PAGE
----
The Administration continues to make out the Labor Department's affirmative action program to be more than it is. The latest example occurred in the president's news conference last week. He was asked why there continues to be talk of thinning out the executive order on which the program depends. Because the program is "becoming a quota system," he said.
The program regulations forbid resort to quotas. Hiring and other "goals may not be rigid and inflexible quotas which must be met, but must be targets reasonably attainable by means of applying every good faith effort," they say. But "we find down there at the bureaucracy level," the president said, "and out there actually in personnel offices and so forth, they choose the easy course, set down a system of numbers and say, well, we'll go by that. And this is what we're trying to correct."
Attorney General Edwin Meese, leader of those who would sidetrack the program, made a similar charge at a news conference last month. His civil rights division, he said, had assembled a "litany" of Labor Department cases "where goals and timetables were actually used as subterfuges for quotas." But the Justice Department said later the list of cases was confidential -- and the opposite testimony comes from the Labor Department. "Nobody's ever put any cases before me that involve quotas," said Joseph Cooper, the administration's own choice as head of the program. "I'm still waiting. I don't see them."
The affirmative action program is 20 years old, an established part of the societal landscape to which most businesses long ago became accustomed, and for the steadiness of which many are grateful. The requirements have been softly enforced; the maximum penalty, debarment from further federal work, has rarely been invoked in any administration, and only once or twice in this.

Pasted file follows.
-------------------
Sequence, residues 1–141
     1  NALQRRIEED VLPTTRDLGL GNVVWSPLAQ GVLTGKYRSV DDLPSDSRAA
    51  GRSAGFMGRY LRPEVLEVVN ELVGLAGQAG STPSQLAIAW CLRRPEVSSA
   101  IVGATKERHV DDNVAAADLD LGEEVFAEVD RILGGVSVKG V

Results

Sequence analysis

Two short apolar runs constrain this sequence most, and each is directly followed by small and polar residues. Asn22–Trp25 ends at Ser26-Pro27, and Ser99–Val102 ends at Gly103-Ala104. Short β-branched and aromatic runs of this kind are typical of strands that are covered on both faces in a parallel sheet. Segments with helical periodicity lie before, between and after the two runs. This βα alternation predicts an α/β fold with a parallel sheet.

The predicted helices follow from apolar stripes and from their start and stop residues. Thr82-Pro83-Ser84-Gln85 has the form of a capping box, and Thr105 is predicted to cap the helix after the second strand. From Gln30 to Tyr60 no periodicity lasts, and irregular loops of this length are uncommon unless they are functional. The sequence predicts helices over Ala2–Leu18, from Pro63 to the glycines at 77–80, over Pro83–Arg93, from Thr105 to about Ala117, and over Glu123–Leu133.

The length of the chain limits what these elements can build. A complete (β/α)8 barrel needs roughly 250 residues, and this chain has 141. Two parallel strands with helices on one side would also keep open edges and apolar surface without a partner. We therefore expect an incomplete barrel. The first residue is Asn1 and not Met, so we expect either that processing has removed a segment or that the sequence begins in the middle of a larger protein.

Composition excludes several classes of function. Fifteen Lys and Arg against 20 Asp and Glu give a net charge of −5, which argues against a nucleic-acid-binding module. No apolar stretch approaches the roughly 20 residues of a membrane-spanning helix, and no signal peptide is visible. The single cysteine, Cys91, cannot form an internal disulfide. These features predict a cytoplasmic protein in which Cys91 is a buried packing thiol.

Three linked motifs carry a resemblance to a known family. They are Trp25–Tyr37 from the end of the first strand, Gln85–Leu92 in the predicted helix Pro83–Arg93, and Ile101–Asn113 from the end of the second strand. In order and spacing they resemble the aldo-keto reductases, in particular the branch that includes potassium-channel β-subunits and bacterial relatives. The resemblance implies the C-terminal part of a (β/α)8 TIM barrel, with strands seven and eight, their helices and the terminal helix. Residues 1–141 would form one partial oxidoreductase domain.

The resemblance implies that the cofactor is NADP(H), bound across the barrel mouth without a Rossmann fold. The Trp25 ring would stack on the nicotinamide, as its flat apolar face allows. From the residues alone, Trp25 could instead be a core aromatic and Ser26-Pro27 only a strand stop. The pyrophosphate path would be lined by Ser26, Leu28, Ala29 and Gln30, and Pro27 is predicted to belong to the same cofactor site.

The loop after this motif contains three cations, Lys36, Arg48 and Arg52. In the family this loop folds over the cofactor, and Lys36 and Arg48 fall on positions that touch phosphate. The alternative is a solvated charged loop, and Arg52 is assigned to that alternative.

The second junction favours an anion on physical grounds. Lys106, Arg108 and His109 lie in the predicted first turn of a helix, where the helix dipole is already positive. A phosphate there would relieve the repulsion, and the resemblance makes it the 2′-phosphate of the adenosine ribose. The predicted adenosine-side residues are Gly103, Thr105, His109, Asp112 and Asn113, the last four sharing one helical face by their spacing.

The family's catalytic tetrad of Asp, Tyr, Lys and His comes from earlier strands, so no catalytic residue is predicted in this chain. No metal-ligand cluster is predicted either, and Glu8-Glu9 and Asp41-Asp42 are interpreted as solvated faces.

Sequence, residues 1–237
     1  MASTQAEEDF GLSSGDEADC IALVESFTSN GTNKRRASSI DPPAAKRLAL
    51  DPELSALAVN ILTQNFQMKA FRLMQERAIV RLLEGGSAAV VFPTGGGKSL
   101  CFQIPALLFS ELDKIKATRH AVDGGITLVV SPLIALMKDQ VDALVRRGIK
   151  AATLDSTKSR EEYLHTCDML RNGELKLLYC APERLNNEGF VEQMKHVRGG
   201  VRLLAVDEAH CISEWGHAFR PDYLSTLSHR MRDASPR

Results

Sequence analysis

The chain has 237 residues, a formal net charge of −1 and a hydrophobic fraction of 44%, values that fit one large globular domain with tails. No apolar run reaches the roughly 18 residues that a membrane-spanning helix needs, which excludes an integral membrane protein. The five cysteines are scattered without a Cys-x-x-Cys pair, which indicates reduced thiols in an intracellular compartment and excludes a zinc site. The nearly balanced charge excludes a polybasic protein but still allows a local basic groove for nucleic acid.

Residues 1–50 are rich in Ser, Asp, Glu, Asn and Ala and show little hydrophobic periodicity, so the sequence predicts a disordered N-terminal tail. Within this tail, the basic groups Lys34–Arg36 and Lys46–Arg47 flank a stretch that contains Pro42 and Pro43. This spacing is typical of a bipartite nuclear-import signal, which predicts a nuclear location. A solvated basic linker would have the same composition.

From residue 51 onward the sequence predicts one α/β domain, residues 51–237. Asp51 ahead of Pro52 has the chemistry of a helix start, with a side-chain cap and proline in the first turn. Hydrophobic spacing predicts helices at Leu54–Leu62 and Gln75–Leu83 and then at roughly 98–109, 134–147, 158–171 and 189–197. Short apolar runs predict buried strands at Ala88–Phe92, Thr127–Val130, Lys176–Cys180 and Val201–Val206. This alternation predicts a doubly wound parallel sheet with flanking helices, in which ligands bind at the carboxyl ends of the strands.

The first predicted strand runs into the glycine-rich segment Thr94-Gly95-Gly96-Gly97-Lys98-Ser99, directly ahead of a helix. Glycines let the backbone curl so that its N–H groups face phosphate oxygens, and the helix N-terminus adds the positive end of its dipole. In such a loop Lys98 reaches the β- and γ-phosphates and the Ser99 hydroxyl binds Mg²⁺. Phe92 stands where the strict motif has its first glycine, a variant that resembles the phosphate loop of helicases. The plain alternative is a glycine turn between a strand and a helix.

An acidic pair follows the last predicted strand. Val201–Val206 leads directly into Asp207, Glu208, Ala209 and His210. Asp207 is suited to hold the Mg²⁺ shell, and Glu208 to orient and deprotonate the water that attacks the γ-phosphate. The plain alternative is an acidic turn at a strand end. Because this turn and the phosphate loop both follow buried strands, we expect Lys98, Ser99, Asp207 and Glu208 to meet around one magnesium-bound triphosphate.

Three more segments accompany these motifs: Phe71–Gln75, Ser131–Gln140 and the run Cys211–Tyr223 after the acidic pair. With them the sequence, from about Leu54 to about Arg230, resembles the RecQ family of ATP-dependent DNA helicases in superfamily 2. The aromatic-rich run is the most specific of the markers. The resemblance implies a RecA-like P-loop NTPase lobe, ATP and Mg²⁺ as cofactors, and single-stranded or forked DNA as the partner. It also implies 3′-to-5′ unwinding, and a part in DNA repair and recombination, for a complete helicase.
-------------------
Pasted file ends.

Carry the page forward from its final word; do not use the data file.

Such groups as the National Association of Manufacturers and Business Roundtable have urged (in a split with another leading business group, the Chamber of Commerce) that the program be left alone, as have 69 senators, 23 of them Republicans, including Majority Leader Bob Dole. They see the issue as Son of Bob Jones, the self-inflicted civil rights embarrassment of the first Reagan term. For similar reasons, other Cabinet members have sided internally with Labor Secretary Bill Brock in support of the program.
Quotas are not the issue here; they are not being required or imposed. The issues are whether the government should continue to press within the modest confines of this program for greater opportunities to be made available to blacks and members of other minorities who can qualify for them -- and whether, as both a goal and a means of measnt should continue to compare racial and other employment percentages in particular firms with the same percentages in the work force as a whole. The sensible answer to both questions is yes.